We are getting ready to switch back to standard time,I loathe DST and the problems it creates(I have never talked to a Farmer that liked it).My question is,can we do a reasonable comprimise( like bumping the time a half an hour from standard time and leaving it be through the year)?-Kevin

Quit trying to be logical. It was a silly idea from the start, but we are now stuck with it.

I have one clock that changes time automatically, however it was made before the current dates so it changes a week or two early.

All of the farmers I have known operate based on the sun cycle. The arbitrary definition of ‘time of day’ has no relevance to them.

I heard some moron say DST confuses the animals. !!! Yeah, especially the cows because with those hooves, it’s hard to work the little buttons on their watches…

Like JEM said, no real logic to it, it’s a ‘feel good’ thing for politicians - ‘Look we’re doing something!’ The studies I’ve seen say it does no good, may actually cost energy, not save it. Should drop the whole thing.

I can say one practical thing in its favor, though it is completely removed from the stated purposes. I am in VA - my daughter gets on the bus at just after 7am and right now she is standing on the side of a rural roadway in the dark. Next week she won’t be.

Other than that it is mostly a PITA.

“I heard some moron say DST confuses the animals.”

It can confuse indoor pets.
Like changing walking and feeding times for the family dog because the owner still has to be at work at 8AM when the clock shifts.

New Mexico changes, Arizona doesn’t.

What fun doing business on the state line !

Took a vacation in that area a few years back. In addition, the reservations are different, too, so it’s not just by state.

Tell me about it. :frowning:
We are in Gallup NM.
We have New Mexico time, Arizona time, and rez time.
We have to deal with business’ opening and closing time differences, shipping deadlines ( both to get it here to us AND to ship it out to them ), Wrecker service call meeting times ( “I’ll meet you there at ten”…on whose clock ? ), and conference/sales call time co-ordination.

Yikes! We were on vacation, minor inconvenience compared to what you’re dealing with!

I inherited a spring driven eight day striking pendulum clock from my grandmother who was born in 1868. She did not believe in Daily Savings Time and believed Central Standard Time to be “God’s Time”. What is interesting is that in the summer months when my region goes to DST, the striker will often fall an hour behind during the week, so that when the hands read eight o’clock, the striker will only ring seven times. If I leave the striker an hour off, it doesn’t fall behind, but if I readjust the clock, the striker will fall behind an hour. When we go back to regular time, the striker stays in perfect synchronization with the hands. Could this be the ghost of Seth Thomas (maker of the clock)?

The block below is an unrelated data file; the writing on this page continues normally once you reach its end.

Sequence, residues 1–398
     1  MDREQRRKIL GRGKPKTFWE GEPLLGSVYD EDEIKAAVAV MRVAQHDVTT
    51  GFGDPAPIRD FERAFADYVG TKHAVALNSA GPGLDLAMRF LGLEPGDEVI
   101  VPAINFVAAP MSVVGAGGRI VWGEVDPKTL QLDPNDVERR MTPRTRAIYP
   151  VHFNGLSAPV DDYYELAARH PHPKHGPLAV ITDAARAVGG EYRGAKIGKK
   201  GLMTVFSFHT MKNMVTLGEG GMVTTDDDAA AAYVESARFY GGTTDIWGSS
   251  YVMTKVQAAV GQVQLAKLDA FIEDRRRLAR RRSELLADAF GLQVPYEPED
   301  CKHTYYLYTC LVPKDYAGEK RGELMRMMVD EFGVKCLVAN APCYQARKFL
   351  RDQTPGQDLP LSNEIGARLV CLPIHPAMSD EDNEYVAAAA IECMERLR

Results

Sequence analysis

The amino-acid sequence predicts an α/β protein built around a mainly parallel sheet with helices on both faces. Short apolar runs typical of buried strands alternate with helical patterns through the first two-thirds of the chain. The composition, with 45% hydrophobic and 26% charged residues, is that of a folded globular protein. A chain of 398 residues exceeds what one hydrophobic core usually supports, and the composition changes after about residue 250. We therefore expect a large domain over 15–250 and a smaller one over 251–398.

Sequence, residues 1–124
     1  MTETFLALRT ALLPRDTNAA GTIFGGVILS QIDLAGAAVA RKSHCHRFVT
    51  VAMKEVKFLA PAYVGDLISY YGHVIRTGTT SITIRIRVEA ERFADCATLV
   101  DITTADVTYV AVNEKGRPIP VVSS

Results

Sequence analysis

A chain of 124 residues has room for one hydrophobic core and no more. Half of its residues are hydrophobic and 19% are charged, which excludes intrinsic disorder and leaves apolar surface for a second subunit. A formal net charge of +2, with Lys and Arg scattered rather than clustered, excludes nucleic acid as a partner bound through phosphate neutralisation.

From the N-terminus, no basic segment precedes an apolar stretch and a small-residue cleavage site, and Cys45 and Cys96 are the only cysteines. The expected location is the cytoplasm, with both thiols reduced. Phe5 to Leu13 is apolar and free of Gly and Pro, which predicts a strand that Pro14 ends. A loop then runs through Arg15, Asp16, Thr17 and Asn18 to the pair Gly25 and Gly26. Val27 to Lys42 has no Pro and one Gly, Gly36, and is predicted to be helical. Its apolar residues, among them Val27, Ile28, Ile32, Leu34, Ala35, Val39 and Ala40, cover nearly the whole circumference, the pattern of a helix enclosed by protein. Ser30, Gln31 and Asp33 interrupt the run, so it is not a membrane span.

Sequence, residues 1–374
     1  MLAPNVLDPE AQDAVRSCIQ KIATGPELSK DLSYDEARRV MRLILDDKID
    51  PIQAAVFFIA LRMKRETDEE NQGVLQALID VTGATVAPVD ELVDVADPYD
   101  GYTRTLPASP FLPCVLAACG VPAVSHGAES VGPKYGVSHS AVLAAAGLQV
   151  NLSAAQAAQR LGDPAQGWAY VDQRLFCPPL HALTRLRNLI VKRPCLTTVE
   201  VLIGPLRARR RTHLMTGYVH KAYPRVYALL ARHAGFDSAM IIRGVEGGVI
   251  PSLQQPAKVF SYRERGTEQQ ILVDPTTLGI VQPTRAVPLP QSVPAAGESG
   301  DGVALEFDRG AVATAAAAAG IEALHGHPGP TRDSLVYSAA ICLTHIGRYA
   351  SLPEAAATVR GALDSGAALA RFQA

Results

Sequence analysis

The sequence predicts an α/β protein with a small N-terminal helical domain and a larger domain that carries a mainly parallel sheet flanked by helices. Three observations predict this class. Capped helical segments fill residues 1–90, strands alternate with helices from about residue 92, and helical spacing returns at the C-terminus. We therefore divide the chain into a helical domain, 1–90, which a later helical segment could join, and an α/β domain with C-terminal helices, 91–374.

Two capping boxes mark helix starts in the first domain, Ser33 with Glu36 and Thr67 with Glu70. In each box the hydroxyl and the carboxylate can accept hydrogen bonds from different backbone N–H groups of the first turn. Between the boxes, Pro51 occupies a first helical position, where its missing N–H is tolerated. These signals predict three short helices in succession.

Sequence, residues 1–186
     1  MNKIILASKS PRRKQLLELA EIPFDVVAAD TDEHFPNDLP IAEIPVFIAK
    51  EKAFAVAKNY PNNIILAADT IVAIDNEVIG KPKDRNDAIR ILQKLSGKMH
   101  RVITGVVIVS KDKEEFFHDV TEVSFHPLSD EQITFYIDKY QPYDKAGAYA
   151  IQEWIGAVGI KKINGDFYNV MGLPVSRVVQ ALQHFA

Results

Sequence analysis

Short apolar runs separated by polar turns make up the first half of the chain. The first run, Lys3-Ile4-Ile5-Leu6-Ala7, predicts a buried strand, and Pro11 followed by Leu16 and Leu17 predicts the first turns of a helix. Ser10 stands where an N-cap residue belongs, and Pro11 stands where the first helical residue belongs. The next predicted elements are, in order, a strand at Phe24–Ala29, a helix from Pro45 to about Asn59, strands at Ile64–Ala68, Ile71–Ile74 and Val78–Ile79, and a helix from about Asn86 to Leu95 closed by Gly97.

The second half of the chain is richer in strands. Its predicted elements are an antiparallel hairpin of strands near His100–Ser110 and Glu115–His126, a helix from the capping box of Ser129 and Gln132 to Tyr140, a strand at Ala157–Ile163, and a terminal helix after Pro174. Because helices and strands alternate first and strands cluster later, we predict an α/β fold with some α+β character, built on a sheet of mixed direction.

I remember on a road trip once when I drove into AZ at the Navajo Reservation and there was a huge sign that said “What time is it?” and had the rather complicated instructions for figuring out whether you were on daylight savings or not.

The one thing that has been consistently shown is that it helps stores because people are a lot more likely to stop and shop if it’s light out on their commute home.

Do you ever turn the hands backwards?
Generally a no-no with those kind of movements.

No, I don’t turn the hands backward. When we go off daylight time, I just stop the pendulum for an hour, then restart the clock. When we go on daylight time, I advance the hands an hour.

My grandmother lived with us when I was growing up and died when I was in third grade. I was always fascinated by the clock. She promised it to me when she was gone. The clock was in my parents’ house after that, but disappeared about two months before Christmas some thirty years ago. My Dad had taken the clock to a clockmaker who removed the clockworks and overhauled it. My Dad refinished the case and then the clockmaker reassembled the clockworks and the case and it was a Christmas present to me from my parents who are also now gone. It keeps very good time, except for deciding that it likes standard time better than daylight time.

I remember some automobile clocks back in the late 1960’s that if the clock was set forward, the regulator would make the clock run faster, while if the hands were set back, the regulator would slow the clock down. The idea was that with a few adjustments to the time, the clock would regulate itself and keep perfect time. Unfortunately, when setting the clock up or back an hour to change to and from DST, the clock would take weeks to be accurate again.

And then there’s those 27 watches to re-set.

And how is all this automotive related ?
We have that many customers who refuse to read their owner’s manual and come rolling through my Ford dealer service write-up for no other reason except…
"can you set my clock right ? "

Yep, I see your point. The comment I cited was in reference to farm animals. I grew up in a rural area surrounded by farms. Many of my friends had/worked on farms. They got up an hour before sunrise and finished about 1-2 hours after sunset 24/7/365. Tough life.

Drowsy drivers in the spring?-Kevin

And an hour late to work ( at this Gallup NM Ford dealer ) one season then sitting outside waiting for an hour the next.